That's something everyone — especially Turner's defenders, or anyone who's ever hinted that a survivor might be culpable for being raped, or suggested sexual assault is the responsibility of anyone but the assailant — can chew over, starting by reading Ruddy's poem. But, she added, we shouldn't stop there.

"People have been calling my poem a 'mic drop,' which is so flattering, but I'd rather pass it on to the next person, to the next unheard voice," Ruddy said. "Let's not let this be the end of the conversation, but rather, the beginning."

Read Ruddy's poem in full below: 

It's a Monday morning and we're making small-talk, 
like,
"How was your weekend?"
"You see that fire out in Calabasas?" 
"It's been so cloudy lately."
"So how about that rape letter?"

Yeah, you saw I'd posted about it "like seven times." 
Yeah, I tell you it makes me angry. 
Angrier than usual. 
(You know, because this is usual.)

"Listen," you say, and you pause,
like, "I'm trying to figure out how to phrase this."
That's when I pull out the thick skin, 
the kind women always keep tied around their waists
like an extra flannel shirt,
ready to throw on before meetings or rape trials,
or walking down the street,
or making small-talk at the office,
like, 
I'll try my best not to get offended by what you say,
because I know how offensive it is 
to have my own opinion.

"People are saying that it's 100% his fault and 0% her fault..."
You say, hesitantly,
the way women are taught to speak,
afraid of their own mouths.
"And I agree...
BUT—
DON'T YOU ALSO AGREE
THAT THIS WHOLE THING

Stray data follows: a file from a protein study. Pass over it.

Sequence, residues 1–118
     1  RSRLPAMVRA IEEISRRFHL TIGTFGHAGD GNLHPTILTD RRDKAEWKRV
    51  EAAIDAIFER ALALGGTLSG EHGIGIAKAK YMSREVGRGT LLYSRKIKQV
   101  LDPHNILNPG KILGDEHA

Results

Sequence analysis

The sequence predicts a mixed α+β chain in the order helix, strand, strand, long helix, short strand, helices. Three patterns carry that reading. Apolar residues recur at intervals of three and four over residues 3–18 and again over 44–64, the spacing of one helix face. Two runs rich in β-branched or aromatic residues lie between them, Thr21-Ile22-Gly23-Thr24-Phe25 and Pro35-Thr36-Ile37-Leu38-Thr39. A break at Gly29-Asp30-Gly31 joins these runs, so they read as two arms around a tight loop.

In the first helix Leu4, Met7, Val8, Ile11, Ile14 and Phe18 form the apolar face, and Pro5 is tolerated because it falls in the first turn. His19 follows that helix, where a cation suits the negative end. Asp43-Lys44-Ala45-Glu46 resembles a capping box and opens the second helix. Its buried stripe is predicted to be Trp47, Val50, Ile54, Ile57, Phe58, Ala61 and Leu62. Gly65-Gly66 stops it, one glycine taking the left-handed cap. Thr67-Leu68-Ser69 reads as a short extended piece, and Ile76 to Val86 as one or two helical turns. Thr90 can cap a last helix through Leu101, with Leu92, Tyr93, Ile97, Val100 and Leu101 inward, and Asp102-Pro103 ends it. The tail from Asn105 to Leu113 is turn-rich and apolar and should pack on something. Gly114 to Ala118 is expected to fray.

COULD HAVE BEEN AVOIDED
IF SHE HAD JUST BEEN 
MORE
RESPONSIBLE."

I stare at you in disbelief for a moment, 
sick to my stomach, 
like, stranger groping my ass in a crowded train
kind of sick to my stomach,
just as unable to respond, 
to discern bile from protest
bubbling in my throat,
wanting to explain,
like, hey,
JUST SO YOU KNOW,
you don't need to play devil's advocate—
he's already got one,
and he's good enough to get him off
with only six months.

But I knew that any response of mine 
would be sharp
like, car keys between knuckles sharp,
and so instead
I did the only 
responsible
thing I could do in that situation.

I walked away.
But I should've remembered
that my retreating back 
is a fucking invitation,
because as I did so,
you felt the need to add insult to injury,
like, turning away wasn't enough of an indication
that this subject was too painful
for me to deal with right now,
like, I wasn't allowed to walk away 
without your permission.
So you got in one last word, like,
"Seriously! Just think about it!"

Think about it.

Like I don't.

Like I have the fucking privilege
of not thinking about it.

Like I don't think about it
when I go for a run after work
and instead of using a timer,
my personal best is just 
running faster than anyone who's following me.